There will be a variety of responses to the impending Trump attempt to steal the election. Be prepared.
In June 2020 the Transition Integrity Project (TIP) convened a bipartisan group of over 100 current and former senior government and campaign leaders and other experts in a series of 2020 election crisis scenario planning exercises. The results of all four table-top exercises were alarming.
We assess with a high degree of likelihood that November’s elections will be marked by a chaotic legal and political landscape.
We also assess that the President Trump is likely to contest the result by both legal and extra-legal means,in an attempt to hold onto power. Recent events, including the President’s own unwillingness to commit to abiding by the results of the election, the Attorney General’s embrace of the President’s groundless electoral fraud claims, and the unprecedented deployment of federal agents to put down left wing protests,underscore the extreme lengths to which President Trump may be willing to go in order to stay in office.
In this report, TIP explains the basis for our assessment. Our findings are bolstered by the historical experience of Bush v. Gore (2000) and other U.S. electoral dysfunctions. The closest analogy may be the election of 1876, a time of extreme partisanship and rampant disenfranchisement, where multiple states proffered competing slates of electors, and the election was only resolved through a grand political bargain days before Inauguration—one that traded an end to Reconstruction for electoral peace and resulted in a century of Jim Crow, leaving deep wounds that are far from healed today
— Justin Vaïsse (@JustinVaisse) September 6, 2020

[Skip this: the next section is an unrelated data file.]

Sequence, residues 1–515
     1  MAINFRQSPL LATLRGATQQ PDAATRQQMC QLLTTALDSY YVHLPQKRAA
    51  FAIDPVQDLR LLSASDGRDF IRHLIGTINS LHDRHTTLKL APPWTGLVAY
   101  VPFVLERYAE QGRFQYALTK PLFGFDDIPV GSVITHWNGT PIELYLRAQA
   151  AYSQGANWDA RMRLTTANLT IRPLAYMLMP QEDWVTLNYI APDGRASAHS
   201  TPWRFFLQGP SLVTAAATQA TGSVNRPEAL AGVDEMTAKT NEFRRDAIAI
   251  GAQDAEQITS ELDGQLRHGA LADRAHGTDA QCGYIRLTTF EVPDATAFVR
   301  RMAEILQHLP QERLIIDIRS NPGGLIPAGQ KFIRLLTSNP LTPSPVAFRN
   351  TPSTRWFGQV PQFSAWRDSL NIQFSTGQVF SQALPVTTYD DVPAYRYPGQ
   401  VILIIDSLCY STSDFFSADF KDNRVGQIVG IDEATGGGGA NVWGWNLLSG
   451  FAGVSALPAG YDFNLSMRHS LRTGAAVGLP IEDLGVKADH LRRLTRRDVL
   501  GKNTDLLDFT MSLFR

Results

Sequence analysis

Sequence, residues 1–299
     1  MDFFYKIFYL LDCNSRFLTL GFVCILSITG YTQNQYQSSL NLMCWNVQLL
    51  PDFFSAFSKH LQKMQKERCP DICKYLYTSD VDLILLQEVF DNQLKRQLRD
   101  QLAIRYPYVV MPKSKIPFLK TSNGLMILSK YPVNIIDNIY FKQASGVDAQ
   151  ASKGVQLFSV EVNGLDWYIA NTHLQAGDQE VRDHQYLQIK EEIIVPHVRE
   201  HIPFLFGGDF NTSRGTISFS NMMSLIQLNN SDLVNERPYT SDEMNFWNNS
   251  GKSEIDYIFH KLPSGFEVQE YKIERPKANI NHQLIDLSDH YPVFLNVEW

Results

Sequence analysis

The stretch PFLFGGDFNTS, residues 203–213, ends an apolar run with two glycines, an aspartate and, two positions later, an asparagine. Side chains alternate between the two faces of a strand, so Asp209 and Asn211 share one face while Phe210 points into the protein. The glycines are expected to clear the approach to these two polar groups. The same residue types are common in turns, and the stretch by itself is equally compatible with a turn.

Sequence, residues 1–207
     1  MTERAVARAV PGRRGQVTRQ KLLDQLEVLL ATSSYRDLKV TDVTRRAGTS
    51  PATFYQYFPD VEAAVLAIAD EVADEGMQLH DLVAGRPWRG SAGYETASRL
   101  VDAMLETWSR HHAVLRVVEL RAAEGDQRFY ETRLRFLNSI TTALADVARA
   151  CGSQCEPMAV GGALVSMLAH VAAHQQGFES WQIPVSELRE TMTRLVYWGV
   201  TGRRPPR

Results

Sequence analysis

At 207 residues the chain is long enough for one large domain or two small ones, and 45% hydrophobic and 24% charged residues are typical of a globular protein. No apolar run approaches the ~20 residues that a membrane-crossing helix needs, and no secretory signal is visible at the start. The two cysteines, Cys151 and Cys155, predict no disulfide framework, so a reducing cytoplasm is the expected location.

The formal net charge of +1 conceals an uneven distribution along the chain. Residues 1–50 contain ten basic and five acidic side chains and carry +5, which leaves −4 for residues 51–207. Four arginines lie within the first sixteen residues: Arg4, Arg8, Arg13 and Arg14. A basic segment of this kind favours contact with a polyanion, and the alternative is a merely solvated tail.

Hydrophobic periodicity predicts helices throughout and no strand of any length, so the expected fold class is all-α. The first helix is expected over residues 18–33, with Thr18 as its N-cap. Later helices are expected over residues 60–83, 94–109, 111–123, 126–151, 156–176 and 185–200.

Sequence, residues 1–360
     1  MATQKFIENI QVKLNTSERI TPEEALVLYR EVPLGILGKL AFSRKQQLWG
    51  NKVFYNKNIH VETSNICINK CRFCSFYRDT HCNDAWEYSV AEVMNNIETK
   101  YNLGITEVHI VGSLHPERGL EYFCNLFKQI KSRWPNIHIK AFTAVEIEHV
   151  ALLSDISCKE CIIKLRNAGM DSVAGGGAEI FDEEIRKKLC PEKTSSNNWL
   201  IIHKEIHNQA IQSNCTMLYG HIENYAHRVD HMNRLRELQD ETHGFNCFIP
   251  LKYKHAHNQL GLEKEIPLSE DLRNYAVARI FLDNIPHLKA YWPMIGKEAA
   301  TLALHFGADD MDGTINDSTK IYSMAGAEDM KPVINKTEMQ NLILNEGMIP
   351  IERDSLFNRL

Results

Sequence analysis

— Lone Wolf Spirit (@LoneWolfSpirit2) August 1, 2020
— Ill Will Editions (@illwilleditions) September 6, 2020
The ultimate aim of unrestricted warfare is not to obtain a state of peace between belligerents. Instead, such warfare aims at the indefinite pacification of target populations, which are generally viewed as hotbeds of potential insurgency threatening the minimal stability required for capitalism. Unrestricted warfare gets its name not only from the fact that it reduces politics to a permanent military-policing operation, but also because it opens up the means of war beyond the use of military force. Warfare has increasingly involved the use of financial capital to leverage “structural adjustment” programs on indebted nations, the use of trade wars to manipulate national currencies and the value of rival monetary reserves, and the manipulation of information to influence the perceptions and behavior of both political opponents and target populations .
In this context, swarm tactics have been used not only by kinetically oriented belligerents (i.e., those using material force and firepower, whether they be state militaries, private security firms, or partisan guerrilla forces), but also by non-state actors across the social field. For instance, swarming can characterize activists and NGOs seeking to magnify their influence on policy makers through phone zaps in conjunction with public media campaigns, hackers interrupting communications systems through botnet-driven DDOS attacks, and partisan social networks like the Boogaloo movement that formed through the creation and circulation of memes elaborating a strategic sensibility for swarming on political crises . Finally, swarming also sometimes characterizes black blocs, frontliners, and looters using non-lethal means to fight or evade more heavily armed police forces.
(iii) Omnidirectional attack. Like a bee hive attacking an intruder, the movement characteristic of a swarm is to attack from all directions in “pulses,” or short bursts that blanket the target, followed by dispersal and disengagement. Omnidirectionality requires both sufficient numbers and well-established topsight so that pods can momentarily cluster around a shared target to overwhelm it.
For example, Telegram channels were useful to Hong Kong demonstrators for collectively mapping police targets, which allowed multiple “light mages” and “fire mages” to optically disable and kinetically attack targets in a coordinated way from all sides. Convergence pulses and subsequent dispersals had to be speedy to avoid being tracked by other police units.
— Dan Biddle📝 (@DanBiddle) June 3, 2020
— New Scientist (@newscientist) May 4, 2020
— ✝️ 𝑫𝒓.𝑺𝒂𝒎 𝑷𝒂𝒈𝒆 (𝐒𝐞𝐞 𝐏𝐢𝐧𝐧𝐞𝐝 𝐓) (@wolfeatworld) May 9, 2020
— HeisenbergHattie (@HBergHattie) July 27, 2020